Performers include Lillian Almodovar, Shana Elizabeth Donahue, Zoë Gallon, Gloria de Luna, Ruben Andres Castillo Gomez, Celeste Silsby Mannerud and Erte’ Eric M. Stillings. “Echoes of Her” is 7:30 p.m. on March 2nd, 3rd and 4th and 2 p.m. on March 5th.

For more information and ticket details, go to Moving Current Dance Collective.

Kirk Ke Wang exhibits "Snow in September" at HCC Gallery221

Multimedia artist Kirk Ke Wang debuts a new body of work created for a solo spring exhibition at HCC Gallery221 on the Dale Mabry campus. In “Snow in September,” the artist explores the resilience of humanity to find and make beauty in the aftermath of tragedy. 

Wang splits his time between residences in Tampa and New York. On a walk through the lower east side, he noticed 9/11 memorials and recalled memories of footage from that tragic day showing debris and ash that rained down like snow. This made Wang, originally from Shanghai, China, recall a 13th-century Chinese play called “The Injustice to Dou E.”  Also known as “Snow in Midsummer,” the play retells the tragic and unjust death of Lady Dou E, which causes the heavens to snow during a hot midsummer day, thereby proving her innocence.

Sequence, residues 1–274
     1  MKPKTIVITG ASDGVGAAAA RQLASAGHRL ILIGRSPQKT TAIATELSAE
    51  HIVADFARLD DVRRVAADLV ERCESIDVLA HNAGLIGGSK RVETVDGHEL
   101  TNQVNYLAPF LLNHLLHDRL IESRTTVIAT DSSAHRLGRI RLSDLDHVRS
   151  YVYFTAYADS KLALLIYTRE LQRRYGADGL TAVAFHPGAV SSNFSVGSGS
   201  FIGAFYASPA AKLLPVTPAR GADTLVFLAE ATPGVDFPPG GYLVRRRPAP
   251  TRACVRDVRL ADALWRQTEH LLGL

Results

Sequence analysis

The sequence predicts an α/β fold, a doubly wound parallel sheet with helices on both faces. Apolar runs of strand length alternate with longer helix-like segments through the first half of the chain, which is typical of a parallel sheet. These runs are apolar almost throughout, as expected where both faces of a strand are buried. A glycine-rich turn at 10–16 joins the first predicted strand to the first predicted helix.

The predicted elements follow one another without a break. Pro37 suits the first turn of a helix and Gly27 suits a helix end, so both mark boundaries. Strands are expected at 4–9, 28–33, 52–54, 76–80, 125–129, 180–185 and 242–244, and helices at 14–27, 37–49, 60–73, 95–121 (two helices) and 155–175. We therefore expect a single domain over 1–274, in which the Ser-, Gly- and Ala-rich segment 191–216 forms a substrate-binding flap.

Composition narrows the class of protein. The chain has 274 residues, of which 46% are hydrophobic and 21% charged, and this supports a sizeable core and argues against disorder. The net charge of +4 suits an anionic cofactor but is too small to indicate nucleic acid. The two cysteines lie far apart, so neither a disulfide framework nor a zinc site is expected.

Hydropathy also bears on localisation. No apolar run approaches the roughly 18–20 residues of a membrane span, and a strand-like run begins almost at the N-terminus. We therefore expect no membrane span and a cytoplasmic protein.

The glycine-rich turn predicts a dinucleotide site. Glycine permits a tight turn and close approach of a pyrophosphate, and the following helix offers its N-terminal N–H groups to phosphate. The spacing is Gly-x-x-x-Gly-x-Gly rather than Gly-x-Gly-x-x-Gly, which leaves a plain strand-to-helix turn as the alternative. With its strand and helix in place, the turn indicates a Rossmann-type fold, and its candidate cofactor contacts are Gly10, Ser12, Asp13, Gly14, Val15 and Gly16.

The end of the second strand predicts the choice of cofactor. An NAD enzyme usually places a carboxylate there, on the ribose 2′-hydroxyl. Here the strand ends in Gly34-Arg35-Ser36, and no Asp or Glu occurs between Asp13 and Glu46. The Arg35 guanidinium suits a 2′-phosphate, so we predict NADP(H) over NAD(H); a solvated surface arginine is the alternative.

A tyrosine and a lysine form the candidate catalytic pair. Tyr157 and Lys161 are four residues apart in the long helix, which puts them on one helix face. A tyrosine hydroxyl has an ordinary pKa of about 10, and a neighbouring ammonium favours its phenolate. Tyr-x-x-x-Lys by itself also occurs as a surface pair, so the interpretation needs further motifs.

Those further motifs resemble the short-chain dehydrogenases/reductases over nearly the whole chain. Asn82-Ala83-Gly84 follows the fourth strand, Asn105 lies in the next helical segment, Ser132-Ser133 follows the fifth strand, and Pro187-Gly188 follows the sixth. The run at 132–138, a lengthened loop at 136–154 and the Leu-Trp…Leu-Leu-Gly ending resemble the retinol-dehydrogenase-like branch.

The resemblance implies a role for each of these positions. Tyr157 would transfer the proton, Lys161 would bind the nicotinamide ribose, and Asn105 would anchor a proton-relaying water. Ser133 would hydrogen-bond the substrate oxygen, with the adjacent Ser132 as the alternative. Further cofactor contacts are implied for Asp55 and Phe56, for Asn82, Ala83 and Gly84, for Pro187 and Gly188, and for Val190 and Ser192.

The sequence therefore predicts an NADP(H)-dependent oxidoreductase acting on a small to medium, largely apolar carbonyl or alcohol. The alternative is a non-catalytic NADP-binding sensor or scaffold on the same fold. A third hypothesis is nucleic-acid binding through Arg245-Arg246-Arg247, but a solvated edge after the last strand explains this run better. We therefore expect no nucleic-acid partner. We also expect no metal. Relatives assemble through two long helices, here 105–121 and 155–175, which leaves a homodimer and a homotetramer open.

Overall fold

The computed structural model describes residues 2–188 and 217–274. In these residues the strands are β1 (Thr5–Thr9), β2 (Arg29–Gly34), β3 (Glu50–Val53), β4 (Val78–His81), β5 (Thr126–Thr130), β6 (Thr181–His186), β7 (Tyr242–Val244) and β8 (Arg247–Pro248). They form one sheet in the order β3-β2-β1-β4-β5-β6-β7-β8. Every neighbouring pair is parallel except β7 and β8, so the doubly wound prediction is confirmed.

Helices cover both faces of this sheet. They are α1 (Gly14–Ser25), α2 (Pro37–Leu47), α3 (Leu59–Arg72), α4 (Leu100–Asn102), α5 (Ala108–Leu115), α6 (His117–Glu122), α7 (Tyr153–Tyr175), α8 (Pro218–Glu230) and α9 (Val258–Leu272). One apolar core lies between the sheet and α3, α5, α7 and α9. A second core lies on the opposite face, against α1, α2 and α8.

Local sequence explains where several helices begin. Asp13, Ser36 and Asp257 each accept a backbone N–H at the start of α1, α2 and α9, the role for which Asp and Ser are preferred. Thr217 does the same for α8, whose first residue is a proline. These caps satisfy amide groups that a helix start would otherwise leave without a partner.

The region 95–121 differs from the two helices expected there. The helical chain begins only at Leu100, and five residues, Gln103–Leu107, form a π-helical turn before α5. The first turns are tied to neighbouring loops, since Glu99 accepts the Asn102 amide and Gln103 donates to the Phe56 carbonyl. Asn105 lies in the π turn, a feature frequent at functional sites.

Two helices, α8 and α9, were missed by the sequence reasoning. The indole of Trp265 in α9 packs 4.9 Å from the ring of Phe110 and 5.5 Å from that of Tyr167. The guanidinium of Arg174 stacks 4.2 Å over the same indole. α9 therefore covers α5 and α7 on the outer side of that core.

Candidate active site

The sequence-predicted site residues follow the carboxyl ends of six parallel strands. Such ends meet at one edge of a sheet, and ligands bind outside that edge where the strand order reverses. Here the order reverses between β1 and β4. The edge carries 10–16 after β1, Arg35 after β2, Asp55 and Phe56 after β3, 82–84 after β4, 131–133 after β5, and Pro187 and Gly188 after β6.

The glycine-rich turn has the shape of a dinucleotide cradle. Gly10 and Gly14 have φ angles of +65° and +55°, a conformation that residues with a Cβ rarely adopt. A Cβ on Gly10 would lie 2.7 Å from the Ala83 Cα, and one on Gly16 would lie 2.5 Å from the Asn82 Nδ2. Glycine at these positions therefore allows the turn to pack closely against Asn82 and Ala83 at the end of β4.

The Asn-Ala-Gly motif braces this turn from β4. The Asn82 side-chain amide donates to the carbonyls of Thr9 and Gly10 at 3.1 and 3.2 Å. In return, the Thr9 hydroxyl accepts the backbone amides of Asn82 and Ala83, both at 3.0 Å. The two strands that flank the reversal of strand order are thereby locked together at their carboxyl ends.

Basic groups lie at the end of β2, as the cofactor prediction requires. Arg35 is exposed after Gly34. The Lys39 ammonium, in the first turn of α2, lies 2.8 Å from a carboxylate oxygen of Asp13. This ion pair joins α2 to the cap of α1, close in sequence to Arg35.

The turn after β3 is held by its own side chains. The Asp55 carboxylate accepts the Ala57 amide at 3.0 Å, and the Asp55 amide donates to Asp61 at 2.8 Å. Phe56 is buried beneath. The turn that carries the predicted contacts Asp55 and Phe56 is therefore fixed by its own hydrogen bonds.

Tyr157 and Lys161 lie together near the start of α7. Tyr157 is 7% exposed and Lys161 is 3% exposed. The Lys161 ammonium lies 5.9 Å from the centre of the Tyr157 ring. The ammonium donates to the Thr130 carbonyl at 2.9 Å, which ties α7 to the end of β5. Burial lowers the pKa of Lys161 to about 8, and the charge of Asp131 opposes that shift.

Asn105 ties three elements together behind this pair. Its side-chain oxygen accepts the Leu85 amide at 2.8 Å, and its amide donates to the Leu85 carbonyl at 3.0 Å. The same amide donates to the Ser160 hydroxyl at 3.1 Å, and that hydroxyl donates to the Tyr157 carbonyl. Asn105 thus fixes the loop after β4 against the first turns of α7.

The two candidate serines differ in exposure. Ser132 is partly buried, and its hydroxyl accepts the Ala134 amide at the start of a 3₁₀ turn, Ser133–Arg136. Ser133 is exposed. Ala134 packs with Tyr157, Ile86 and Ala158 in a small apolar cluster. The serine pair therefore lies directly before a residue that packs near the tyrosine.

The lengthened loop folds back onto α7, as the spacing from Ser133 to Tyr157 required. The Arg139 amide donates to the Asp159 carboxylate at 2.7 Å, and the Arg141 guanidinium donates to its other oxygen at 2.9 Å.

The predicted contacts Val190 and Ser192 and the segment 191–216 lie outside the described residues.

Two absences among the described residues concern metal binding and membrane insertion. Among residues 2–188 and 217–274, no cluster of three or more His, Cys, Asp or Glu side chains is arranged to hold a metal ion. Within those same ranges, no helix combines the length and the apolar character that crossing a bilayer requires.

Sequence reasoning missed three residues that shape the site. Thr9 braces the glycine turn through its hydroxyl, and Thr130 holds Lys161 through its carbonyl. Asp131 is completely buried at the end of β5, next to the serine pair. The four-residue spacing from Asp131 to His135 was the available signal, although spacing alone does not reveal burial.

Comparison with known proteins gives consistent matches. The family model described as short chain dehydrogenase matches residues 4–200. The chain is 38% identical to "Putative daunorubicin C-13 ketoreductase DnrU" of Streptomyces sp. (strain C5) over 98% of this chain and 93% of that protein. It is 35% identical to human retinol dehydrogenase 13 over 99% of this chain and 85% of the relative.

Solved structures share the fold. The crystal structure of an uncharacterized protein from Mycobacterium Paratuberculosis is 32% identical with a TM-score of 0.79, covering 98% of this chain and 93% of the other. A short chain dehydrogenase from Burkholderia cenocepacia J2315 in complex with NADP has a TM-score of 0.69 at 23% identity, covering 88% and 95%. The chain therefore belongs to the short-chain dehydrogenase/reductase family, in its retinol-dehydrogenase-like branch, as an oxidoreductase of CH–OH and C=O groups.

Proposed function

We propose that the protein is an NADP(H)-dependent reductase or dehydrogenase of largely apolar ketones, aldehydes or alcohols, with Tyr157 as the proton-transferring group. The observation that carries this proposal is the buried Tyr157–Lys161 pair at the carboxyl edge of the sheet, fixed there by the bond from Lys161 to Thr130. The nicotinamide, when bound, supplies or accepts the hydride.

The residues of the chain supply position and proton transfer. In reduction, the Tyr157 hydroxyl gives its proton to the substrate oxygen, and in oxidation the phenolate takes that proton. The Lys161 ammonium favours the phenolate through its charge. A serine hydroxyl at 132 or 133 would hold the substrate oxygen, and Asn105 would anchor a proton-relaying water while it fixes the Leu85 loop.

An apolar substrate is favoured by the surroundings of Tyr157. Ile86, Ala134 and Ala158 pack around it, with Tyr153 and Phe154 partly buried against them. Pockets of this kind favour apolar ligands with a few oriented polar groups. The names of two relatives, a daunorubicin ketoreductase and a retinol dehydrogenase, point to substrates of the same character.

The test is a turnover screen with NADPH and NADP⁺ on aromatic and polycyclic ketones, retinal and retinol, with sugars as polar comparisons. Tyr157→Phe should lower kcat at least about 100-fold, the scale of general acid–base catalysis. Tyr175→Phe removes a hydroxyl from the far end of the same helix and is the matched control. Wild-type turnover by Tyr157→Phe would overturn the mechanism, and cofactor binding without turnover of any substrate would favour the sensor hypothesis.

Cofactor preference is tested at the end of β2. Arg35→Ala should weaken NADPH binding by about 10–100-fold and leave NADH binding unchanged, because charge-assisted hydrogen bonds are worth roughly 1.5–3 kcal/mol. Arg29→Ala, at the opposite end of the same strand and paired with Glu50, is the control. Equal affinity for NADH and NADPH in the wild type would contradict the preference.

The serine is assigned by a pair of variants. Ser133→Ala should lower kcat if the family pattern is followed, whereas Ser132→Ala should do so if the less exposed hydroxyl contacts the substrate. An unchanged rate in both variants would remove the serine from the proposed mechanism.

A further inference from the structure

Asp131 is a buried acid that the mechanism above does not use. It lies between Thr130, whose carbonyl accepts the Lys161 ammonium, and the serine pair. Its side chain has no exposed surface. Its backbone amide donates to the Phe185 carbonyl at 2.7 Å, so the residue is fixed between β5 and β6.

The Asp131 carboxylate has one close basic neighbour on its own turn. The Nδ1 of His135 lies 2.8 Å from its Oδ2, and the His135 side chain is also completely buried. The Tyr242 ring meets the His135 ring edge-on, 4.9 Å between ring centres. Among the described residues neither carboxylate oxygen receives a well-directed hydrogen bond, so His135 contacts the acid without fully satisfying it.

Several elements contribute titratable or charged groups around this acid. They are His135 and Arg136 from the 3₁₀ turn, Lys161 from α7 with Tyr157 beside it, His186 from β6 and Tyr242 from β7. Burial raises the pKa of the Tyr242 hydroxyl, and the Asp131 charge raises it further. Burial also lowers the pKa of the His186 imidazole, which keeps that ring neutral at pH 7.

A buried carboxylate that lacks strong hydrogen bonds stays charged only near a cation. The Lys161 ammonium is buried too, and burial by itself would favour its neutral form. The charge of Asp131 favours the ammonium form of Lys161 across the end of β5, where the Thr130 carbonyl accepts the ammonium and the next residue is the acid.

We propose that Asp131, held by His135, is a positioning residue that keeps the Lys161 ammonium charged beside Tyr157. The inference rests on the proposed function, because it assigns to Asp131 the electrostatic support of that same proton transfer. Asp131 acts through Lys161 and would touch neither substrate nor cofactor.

Today, the story symbolizes injustice and tragedy, and in Wang's exhibition “Snow in September,” the artist parallels the Chinese fable with abstracted images of more recent tragedies such as 9/11, calling to mind the moment when the twin towers collapsed, and debris rained down like falling snow. Through retelling tragedies, Wang tries to find a spiritual solace and the meaningfulness of being human.